For the first time, the more than 237,000 attorneys who work in California will be led by a Latino who not only was raised in Mexico, but knows first-hand what it’s like to grow up being part of the minority crowd.

Luis Rodriguez, who was sworn in Saturday, says that being bilingual and bicultural has definitely been an asset in his career. He learned a lot, he said, from the challenges he and his family had to endure in their going back and forth from Los Angeles, where he was born, to Ciudad Juárez, and back to L.A., when Luis was 13.

“What made me a better attorney was being faced with many challenges,” he told Fox News Latino. “My parents were not wealthy, my father fought alcohol abuse. These challenges taught me to be strong but sensitive to the fact that life is not black and white. They taught me about forgiveness and redemption because we all need sympathy at one point in our lives.”

Rodriguez, who is 46, attended Santa Clara University, where he graduated with honors, and then Santa Clara Law School.

While at law school, he worked part time as a law clerk at the Santa Clara County Public Defender's Office and became a full-time attorney there after graduating in 1994.

My parents were not wealthy, my father fought alcohol abuse. These challenges taught me to be strong but sensitive to the fact that life is not black and white.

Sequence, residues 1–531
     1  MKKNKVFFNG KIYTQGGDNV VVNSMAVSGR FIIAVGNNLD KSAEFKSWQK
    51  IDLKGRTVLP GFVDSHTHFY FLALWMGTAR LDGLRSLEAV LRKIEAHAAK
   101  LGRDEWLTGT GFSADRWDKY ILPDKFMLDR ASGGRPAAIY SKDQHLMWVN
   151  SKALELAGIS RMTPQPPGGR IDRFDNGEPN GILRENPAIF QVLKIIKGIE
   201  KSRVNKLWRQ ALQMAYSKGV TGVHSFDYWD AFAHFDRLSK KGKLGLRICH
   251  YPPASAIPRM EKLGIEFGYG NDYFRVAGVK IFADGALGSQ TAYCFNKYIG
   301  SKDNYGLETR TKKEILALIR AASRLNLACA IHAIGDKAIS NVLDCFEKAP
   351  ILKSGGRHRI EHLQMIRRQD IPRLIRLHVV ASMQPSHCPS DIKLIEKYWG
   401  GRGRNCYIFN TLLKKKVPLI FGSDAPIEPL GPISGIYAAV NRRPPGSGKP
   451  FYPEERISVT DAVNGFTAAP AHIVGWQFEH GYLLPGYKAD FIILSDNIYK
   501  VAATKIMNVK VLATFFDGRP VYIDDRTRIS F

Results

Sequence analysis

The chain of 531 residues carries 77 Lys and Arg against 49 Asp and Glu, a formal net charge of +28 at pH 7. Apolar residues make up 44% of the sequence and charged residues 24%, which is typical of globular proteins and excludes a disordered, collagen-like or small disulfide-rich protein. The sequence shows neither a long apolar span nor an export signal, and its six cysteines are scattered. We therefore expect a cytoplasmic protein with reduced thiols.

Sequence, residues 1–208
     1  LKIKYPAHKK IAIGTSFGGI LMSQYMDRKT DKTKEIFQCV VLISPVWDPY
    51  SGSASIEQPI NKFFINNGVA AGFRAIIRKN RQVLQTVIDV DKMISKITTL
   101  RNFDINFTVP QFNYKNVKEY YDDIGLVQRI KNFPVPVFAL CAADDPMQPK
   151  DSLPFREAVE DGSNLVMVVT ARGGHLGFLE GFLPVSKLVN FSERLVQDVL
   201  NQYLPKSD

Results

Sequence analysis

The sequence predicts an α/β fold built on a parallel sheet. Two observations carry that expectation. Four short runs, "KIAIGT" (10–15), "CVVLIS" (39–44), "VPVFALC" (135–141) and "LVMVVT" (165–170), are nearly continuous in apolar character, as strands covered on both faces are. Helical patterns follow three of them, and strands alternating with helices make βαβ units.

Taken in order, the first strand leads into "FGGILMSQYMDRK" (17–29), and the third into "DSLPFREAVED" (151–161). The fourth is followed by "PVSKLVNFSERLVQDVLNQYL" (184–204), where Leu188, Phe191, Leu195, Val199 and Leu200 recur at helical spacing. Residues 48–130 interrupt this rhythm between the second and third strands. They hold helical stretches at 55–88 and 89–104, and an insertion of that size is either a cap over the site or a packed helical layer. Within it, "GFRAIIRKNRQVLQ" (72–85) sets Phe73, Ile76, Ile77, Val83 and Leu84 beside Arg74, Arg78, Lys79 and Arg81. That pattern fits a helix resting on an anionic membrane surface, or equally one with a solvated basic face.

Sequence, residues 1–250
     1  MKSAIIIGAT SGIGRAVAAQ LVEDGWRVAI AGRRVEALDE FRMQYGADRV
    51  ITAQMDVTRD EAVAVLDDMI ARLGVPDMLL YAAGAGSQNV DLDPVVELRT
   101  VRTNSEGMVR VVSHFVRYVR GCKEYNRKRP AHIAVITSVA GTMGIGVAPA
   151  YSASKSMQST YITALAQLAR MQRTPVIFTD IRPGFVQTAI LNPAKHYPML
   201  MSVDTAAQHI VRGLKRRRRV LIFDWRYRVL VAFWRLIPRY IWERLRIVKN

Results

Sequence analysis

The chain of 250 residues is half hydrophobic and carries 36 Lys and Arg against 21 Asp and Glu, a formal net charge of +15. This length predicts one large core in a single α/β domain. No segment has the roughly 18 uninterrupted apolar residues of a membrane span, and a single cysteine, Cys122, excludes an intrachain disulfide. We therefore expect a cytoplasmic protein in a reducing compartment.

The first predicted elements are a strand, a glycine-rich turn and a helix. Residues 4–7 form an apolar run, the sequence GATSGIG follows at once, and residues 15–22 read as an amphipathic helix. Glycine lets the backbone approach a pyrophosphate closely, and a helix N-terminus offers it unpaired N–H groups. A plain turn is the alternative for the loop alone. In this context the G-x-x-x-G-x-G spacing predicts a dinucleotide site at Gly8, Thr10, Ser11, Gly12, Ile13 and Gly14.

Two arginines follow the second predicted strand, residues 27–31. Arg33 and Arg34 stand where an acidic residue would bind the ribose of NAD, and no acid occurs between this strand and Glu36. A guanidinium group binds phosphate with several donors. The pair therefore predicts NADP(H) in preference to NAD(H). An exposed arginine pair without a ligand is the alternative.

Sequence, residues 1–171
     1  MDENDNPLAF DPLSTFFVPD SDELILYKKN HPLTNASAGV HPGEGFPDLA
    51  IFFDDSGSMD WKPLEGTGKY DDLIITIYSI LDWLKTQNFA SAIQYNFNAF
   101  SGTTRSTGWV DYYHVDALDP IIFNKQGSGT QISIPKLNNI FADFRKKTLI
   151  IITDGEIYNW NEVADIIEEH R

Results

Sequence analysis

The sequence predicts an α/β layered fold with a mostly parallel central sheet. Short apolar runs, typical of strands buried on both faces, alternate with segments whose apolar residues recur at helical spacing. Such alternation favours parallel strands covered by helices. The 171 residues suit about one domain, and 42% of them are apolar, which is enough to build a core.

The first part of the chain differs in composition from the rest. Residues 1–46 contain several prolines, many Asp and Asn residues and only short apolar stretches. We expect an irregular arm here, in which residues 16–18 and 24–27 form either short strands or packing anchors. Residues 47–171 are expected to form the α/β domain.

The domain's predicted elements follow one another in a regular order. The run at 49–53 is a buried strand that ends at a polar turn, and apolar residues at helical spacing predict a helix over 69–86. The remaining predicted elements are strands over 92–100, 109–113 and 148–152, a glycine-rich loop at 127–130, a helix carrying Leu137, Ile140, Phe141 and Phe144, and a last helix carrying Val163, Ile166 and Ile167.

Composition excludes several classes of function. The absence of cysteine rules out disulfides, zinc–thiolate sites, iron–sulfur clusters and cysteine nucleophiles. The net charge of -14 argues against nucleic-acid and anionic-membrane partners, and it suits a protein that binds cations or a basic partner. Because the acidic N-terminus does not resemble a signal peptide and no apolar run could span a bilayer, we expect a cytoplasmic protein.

- Luis Rodriguez

The first in his family to attend college, Rodriguez said his personal goal as president of the California Bar is “to serve as an example to Latinos and non-Latinos alike of the positive contribution that we bring to the betterment of our society.”

As for his policy goals, they aim directly at the heart of immigration: he said he has been working with Sacramento legislators and the American Immigration Lawyers Association (AILA) to create legislation that will give the State Bar more authority to go after unscrupulous actors in the area of immigration law, whether they are attorneys or not.

“I am committed to continue further vigilance in an area that is full of vulnerable and hardworking individuals,” he said, adding that immigration reform needs to be a priority in Washington in order “to address the existence of the many who live in the shadows and see how they can become visible and contributing members of our democracy.”

At home, Rodriguez –who is married with two daughters– promotes embracing all things Hispanic, starting with the golden rule of “Spanish only” in the house unless there is a guest who doesn’t speak the language.

Other than his well-known love for turkey albondiga (meatball) soup and chile jalapeño curtido, Rodriguez stands out for his humility and compassion. Former state lawmaker and attorney Martha Escutia, who was recently interviewed by California Report radio, said she is “a big, big fan of his for a long time.”

Escutia served with Rodriguez on the board of the L.A. County Mexican-American Bar Association in the 1990s and worked with him when she chaired the state Senate Judiciary Committee, and says she has no doubt Rodriguez will bring a fresh perspective to the position.

"I think he has a very down-to-earth quality. He's humble, very smart and when you combine smarts and humility, it's a lethal combination. A humble person that's extremely smart is always looking for a win-win solution...I think that's a very good thing," she said.

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